thanks for the answers.
winer has seen _everything_ as an outline
for about 3 decades, so i’d have thought
that this idea would have occurred to him.
either way, now you know for next time…
i do not think lists on one blog could give
jarvis the full information he’s looking for.
he clearly invokes leveraging of the social
that “would let anyone in town annotate”
and keep the information freshly updated.
i’d certainly like to see your idea brought to
reality, as it could be a real breakthrough.
I think outlines are great for creating and communicating sense through structure.
But in Jeff’s case it seems like it’s *data* he wants more than macro sense. (Or at least, the data piece is the part most-badly-served at the moment.)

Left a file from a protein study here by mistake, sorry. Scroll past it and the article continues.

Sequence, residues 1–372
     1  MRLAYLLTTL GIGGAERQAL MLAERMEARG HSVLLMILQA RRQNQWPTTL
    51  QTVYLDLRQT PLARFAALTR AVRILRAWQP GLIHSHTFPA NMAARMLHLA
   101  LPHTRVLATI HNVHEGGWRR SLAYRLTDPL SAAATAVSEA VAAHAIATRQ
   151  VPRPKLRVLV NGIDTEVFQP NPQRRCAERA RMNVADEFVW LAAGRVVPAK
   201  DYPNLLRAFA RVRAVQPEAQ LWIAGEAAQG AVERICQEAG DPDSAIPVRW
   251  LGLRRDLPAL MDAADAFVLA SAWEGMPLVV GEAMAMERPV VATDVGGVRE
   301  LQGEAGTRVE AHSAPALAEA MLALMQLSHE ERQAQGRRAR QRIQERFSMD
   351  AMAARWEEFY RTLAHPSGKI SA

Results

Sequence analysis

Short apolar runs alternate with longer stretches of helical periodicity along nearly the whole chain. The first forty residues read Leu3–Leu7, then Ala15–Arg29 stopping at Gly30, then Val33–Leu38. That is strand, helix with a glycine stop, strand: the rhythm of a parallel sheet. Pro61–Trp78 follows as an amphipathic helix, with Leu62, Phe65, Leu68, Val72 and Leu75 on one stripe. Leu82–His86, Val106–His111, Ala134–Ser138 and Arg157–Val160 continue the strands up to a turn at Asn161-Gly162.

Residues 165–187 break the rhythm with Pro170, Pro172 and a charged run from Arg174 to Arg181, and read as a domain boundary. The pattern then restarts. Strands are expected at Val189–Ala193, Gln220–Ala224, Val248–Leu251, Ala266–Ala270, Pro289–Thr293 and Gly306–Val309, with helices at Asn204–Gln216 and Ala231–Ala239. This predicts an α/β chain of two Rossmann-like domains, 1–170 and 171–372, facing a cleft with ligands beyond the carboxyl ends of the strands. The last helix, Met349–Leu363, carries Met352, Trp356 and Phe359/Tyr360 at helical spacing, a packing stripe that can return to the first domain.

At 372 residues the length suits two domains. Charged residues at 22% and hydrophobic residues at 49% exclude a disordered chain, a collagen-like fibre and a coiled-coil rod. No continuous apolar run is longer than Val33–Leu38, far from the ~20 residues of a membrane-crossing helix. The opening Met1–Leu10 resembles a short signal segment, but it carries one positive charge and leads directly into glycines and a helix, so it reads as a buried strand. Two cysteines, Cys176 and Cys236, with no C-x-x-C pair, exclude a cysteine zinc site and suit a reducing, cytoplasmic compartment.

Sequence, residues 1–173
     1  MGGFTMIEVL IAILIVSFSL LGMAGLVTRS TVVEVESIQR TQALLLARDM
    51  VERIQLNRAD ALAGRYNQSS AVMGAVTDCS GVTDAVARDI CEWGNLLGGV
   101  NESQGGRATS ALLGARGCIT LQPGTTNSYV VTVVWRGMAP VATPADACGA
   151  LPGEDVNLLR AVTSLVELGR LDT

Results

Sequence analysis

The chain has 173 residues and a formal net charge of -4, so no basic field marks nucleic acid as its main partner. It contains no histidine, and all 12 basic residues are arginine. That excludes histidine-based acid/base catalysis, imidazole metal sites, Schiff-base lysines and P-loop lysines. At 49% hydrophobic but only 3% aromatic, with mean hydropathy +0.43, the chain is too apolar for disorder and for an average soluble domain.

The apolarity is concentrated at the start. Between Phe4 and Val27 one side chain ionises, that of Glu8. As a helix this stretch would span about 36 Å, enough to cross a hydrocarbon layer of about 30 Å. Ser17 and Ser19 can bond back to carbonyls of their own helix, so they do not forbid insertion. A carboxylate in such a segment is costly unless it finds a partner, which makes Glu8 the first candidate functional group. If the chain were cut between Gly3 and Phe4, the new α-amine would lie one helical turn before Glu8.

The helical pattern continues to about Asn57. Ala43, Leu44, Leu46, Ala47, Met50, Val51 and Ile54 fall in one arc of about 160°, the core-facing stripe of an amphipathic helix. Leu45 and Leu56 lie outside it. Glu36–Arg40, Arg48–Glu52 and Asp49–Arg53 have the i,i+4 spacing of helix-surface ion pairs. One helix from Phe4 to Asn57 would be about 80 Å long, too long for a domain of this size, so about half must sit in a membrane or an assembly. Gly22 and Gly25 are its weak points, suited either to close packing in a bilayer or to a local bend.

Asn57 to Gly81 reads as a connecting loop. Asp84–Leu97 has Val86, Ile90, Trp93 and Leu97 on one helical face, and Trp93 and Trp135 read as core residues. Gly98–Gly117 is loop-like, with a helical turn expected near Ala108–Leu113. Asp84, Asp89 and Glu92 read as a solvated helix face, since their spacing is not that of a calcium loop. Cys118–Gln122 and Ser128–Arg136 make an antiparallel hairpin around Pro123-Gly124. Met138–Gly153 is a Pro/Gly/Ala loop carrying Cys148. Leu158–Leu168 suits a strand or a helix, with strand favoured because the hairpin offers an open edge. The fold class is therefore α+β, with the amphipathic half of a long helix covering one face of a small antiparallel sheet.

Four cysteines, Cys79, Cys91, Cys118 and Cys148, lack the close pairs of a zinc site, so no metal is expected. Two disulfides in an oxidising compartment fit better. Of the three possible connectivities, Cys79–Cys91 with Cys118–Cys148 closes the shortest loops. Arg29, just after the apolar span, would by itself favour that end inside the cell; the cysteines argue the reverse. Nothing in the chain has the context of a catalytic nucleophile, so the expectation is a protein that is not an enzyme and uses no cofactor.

This actually smells like a SemanticWeb use-case. We want every claim/statement to have some structured data, esp: (a) who’s making the claim (could be person or institution); (b) location-stamp (lat/long or object-name); (c) timestamp. Then we probably want to be able to assign multiple tags to a claim (“DownedTrees”, “Flooding”, “Trains”, etc.). And some way for others to comment on each claim.
Then some kind of GUI that integrates map view/filter with tag info and time-filtering (distinguish fresh claims from old claims).
(Hmm, hack idea – use FlickR since lots of photos have lat/long and timestamps. And the photo becomes a key part of the claim.)